Although readers will find many of his movie examples outdated (he bangs on about Tootsie, for example) I have  certainly found his story exercises some of the most useful in my arsenal, particularly when I am planning a story or when I am stuck. As a result, The Anatomy of Story has turned out to be of the most well-thumbed and practical writing books in my  collection.

Use if you:

  • Are struggling to isolate the premise of your story
  • Want a step by step process to help you build your story
  • Like getting analytical with practical exercises at the same time
  • Are looking for practical ways to pull your story into a coherent whole
  • Would like to really go deeply into your story

Don’t use if you:

  • Can’t bear screenwriting gurus or writing “systems”
  • Prefer to be a pantser and work without outlines or too much analysis
  • Need your movie references to be modern
  • Are already a master plotter

Becoming a Writer: Create Your Own Path

How do you create your own path as a writer?

It is easy to get sucked into the belief that to give yourself permission to call yourself a writer, there is a rigid set of external steps that you have to fulfil. The fiction writing world, at least here in the UK, can be a small one, demographically speaking. Much as I love all the writers I know, it is, in my experience, an overwhelmingly white, middle-class, university-educated crowd (and yes, that goes for me too). That means that for many writers,  the “officially-sanctioned path” – with its inherent assumptions about cultural background and income – can seem rather limited and exclusionary.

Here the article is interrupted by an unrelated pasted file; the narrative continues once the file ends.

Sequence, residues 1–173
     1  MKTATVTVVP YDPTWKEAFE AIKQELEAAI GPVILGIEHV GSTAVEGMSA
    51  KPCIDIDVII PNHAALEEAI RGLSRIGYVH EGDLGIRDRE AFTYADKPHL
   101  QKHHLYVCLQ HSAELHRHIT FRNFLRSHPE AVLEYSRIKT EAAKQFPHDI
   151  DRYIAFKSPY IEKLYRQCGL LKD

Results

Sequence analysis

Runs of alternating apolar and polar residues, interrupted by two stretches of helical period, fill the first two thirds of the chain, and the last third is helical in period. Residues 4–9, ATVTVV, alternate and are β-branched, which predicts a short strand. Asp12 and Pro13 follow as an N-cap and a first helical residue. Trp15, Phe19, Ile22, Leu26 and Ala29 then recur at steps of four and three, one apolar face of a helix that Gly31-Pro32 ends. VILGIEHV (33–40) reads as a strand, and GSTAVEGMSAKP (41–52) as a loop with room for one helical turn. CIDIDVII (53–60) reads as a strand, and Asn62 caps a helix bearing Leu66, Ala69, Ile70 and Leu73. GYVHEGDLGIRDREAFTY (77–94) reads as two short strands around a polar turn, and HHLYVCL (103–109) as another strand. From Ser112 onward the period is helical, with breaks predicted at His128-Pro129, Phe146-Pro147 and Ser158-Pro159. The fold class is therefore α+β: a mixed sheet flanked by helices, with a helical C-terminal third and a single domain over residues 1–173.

For instance, it is not enough to just sit down every day and write; it has to be literary fiction. It must be in the form of a novel ( you have to pick one form) and has to be traditionally published. You must have done – and paid for – an MA or MFA or one of the publisher courses specifically set up to rival these, or you are “ not doing anything”.  Or you must have studied English Literature at university and have gone to university in the first place. You must be under 40. Blah. Etcetera.

This, of course, is all bollocks. There’s nothing wrong with these things (well, apart from the under 40 focus), they can indeed be helpful for many – but they are categorically not the only ways to develop your writing, nor the only path to follow. It is perfectly possible to “become a writer” while missing any or all of these, and to create your own path yourself.

Five Ways To Create Your Own Writing Path

Know Yourself Well

Be honest. Think about the things you really like reading. What are your guilty pleasures? How do you see your writing dreams? What genres do you love? When push comes to shove, would you rather win the Booker, be a performance poet or make millions with a commercial bestseller? All of these make a difference to the decisions you might make on your writing path. The books to read, the authors to study, the courses to consider.

Learn Your Strengths & Weaknesses